A Little Hawaiian Vocabulary - We're here on the Big Island again (visiting Kona), and it struck me that knowing a few Hawaiian words can come in handy while visiting the islands. Aloha ...
Friday, September 13, 2013
Back in April, Dan & I hosted a round of our Memento supper club, and chose to focus on the sensation of taste, first dissecting it into it's components by tasting 'pure' tastes, then enjoying the 6 course meal we all prepared with that foundation in mind. Next month, our group will be exploring another sense - sound - with each course embodying a musical genre (we got Punk!).
I bring these up because the generous organizer of The Blind Cafe contacted me, to see if I'd be interested in checking out one of the unique meals they're offering this weekend (Sept 12-14). I'm unfortunately unable to attend, but wanted to spread the word about an experience you might not want to miss. (There's just one night remaining, and it conflicts with the first Guerrilla Masquerade Party I've hosted in 5 years, but you could always do both, right?)
The meal is presented completely in darkness, with blind waitstaff who not only care for your table's culinary needs, but also answer any questions about their experience. Along with food, live music is provided by the band Rosh & One Eye Glass Broken. The thought is that by removing the sense most of us rely so heavily on, you can really focus on the tastes and smells of the food, and the sound of the music. In their own words:
"The Blind Café does not try to perfectly recreate blindness. Instead, it allows people to interact, trust each other, and experience community in an entirely new way. In the dark, there are no uncomfortable glances, no self-consciousness about what you’re wearing or what you weigh, no distinction between the sighted and blind."
Tickets are $55 – $95 on a Sliding Scale.
Share: The Blind Cafe
Saturday, August 3, 2013
After a longish haitus due to lots of scheduling challenges, Memento (our supper club) returned tonight. We gathered at David & Carolyn's place in Northgate for a meal conceptualized by Marcy & James. This time, Memento was On A Diet. Specifically, each of our 6 courses was allowed to have only 367 calories, 4 grams of saturated fat, and 8 grams of unsaturated fat. It proved quite a challenge, particularly for Dan & I, who were providing dessert.
Marcy & James started us off with an elegant plate of grilled oysters on the half-shell. They came with two toppings - a blackberry vinaigrette and a cherry & tomato salsa. I put blackberry on one oyster, salsa on the second, and both on the third. The trio of oysters were served with grilled romaine lettuce (which we learned is one of the most nutritious lettuces), which had a pesto sauce. The oysters were delicious, sitting in a little briny nectar, and the salsa and sauce were bright and sweet compliments. The plate was such a perfect start to a summer meal out on the deck (and eventually, under the stars).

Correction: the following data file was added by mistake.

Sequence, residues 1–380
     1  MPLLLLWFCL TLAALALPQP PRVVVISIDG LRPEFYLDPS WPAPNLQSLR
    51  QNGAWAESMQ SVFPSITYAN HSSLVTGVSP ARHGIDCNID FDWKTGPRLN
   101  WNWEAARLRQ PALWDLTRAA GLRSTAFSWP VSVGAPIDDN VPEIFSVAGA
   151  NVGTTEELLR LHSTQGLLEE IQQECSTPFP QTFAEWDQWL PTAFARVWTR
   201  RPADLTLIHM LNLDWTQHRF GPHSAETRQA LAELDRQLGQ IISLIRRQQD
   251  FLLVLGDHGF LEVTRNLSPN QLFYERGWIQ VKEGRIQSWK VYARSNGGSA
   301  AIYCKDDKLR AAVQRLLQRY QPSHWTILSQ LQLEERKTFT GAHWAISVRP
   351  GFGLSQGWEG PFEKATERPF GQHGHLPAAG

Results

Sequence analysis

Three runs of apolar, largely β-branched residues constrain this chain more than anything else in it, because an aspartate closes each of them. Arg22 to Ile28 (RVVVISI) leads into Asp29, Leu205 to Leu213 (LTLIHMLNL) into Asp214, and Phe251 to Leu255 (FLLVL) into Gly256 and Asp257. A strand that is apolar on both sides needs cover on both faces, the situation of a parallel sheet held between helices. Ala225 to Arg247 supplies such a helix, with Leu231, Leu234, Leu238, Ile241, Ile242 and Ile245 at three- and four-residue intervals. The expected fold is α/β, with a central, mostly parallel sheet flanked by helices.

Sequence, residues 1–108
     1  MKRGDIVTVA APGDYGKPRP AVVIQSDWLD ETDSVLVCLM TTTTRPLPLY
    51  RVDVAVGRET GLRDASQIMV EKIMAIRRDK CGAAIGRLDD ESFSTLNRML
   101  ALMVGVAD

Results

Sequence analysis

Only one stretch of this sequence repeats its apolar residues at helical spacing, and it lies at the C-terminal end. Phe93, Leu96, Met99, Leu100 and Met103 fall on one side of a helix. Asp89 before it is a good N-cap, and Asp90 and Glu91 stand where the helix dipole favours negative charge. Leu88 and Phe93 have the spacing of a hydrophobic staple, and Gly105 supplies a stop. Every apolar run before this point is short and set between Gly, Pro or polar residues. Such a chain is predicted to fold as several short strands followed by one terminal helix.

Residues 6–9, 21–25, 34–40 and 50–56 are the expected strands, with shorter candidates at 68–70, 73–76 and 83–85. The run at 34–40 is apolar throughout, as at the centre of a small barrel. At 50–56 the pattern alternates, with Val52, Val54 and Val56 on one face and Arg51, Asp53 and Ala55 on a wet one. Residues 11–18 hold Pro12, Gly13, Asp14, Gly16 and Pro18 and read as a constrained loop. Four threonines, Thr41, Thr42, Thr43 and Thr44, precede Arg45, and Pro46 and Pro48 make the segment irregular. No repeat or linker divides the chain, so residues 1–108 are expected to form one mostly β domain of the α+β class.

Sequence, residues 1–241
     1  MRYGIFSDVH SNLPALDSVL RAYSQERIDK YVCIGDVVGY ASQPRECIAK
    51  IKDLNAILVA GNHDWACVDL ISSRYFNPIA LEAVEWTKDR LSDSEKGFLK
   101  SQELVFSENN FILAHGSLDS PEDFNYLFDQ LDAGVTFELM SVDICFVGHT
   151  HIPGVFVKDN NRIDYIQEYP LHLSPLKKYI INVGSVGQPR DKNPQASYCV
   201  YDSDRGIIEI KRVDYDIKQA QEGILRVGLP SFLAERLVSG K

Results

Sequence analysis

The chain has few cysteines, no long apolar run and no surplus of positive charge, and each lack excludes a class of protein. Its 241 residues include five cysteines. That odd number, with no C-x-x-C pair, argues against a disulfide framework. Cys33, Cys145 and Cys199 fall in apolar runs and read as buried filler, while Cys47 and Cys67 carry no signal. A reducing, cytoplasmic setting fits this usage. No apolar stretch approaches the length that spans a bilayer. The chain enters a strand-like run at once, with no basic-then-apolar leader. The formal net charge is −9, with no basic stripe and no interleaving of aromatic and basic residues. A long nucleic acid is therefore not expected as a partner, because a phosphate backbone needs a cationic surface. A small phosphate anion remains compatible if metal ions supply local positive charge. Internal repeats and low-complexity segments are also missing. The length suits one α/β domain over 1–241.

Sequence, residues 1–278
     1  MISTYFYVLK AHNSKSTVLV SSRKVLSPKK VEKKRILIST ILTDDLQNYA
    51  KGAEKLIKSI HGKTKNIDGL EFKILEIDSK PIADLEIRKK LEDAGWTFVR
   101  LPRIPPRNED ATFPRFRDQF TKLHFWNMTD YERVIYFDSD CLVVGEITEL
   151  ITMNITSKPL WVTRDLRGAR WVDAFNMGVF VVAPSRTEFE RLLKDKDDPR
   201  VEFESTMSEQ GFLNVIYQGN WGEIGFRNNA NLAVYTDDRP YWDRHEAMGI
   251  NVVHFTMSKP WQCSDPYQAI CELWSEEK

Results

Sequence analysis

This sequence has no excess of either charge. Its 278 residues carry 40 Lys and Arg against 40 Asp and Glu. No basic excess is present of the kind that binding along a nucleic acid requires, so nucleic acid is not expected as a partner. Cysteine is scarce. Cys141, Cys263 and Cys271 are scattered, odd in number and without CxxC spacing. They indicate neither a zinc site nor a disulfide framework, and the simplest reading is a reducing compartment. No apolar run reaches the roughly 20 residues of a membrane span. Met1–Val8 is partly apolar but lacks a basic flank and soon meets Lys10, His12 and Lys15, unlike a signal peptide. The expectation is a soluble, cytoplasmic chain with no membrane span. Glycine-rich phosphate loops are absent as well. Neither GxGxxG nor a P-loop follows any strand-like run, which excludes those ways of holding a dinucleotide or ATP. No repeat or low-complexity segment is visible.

Next up, keeping things very light, was Anna & Jason's salad course. Mixed greens topped with candied red walnuts shared the plate with blueberries, radish slices, orange cherry tomatoes, and tiny 'sweetie' peppers, all delicately plated with what has become their signature style. All the fruits and veggies were so fresh and flavorful, with the fat of the walnuts adding just the right amount of richness.
Not included in the calorie counts were the drinks, thankfully. Jason & Anna shared a nice crisp white that followed the rosé I had been drinking.
For our third course, Linda & Nancy served a vegetarian version of the Thai dish Larb. Dan & I have made it with chicken (in fact, just this week), but this version used tofu, presented in a butter lettuce cup. You'd never have guessed it was vegetarian if you didn't know, though. The texture and flavor were outstanding. Linda shared her tip for perfect tofu every time - a very hot, completely dry pan. No oil at all. Along with the larb, they served a modern take on a Korean kim chee and a Thai cucumber salad, both of which were vinegary and kept the bright, fresh, summery goodness going. In their entire plate of food, the only fat came from a few peanuts on the cucumber salad.
We also got to try (those of us brave and/or stupid enough) the first batch of traditional kim chee they made, which was deemed un-servable. A mixture of primarily cabbage and chili powder, it was incredibly hot. Not habanero hot, but just the couple bites I had were more than enough. It wasn't one-note, though, and had a wonderful smokiness. At the end of the night, Anna ended up going home with it, but I was ready to fight her for it.
Next up, Carolyn & David prepared an amazing Vietnamese Summer Roll filled with shrimp, vermicelli and Thai basil.
The wrapper was so tender - not toothsome like they so often are (including the ones Dan & I had earlier in the week). They were delicate but sturdy enough to hold together when dipped in the delicious coconut & peanut sauce. This was likely the highest fat dish of the night, given the peanut and coconut... and the fact that everyone enjoyed them so much that Carolyn went in and made another for each of us. Thankfully, there was more peanut sauce to go around, too, as many of us had already licked our dish clean.
The Asian cuisine continued with the next course, presented by Lizzie and her date, Mike.
Based on a recipe from Tom Douglas' I Love Crab Cakes! cookbook, Lizzie prepared scallop and crab cakes steamed in banana leaf wrappers. Some of the scallops are chopped and mixed with the crab, while another portion is pureed, which acts as a binder when the cakes cook. When unwrapped, inside each wrapper was a perfect cake with great seafood flavors, and a texture that reminds me of fish cakes (which I absolutely love). They were served with a spicy & sweet dipping sauce, as well as an Asian slaw.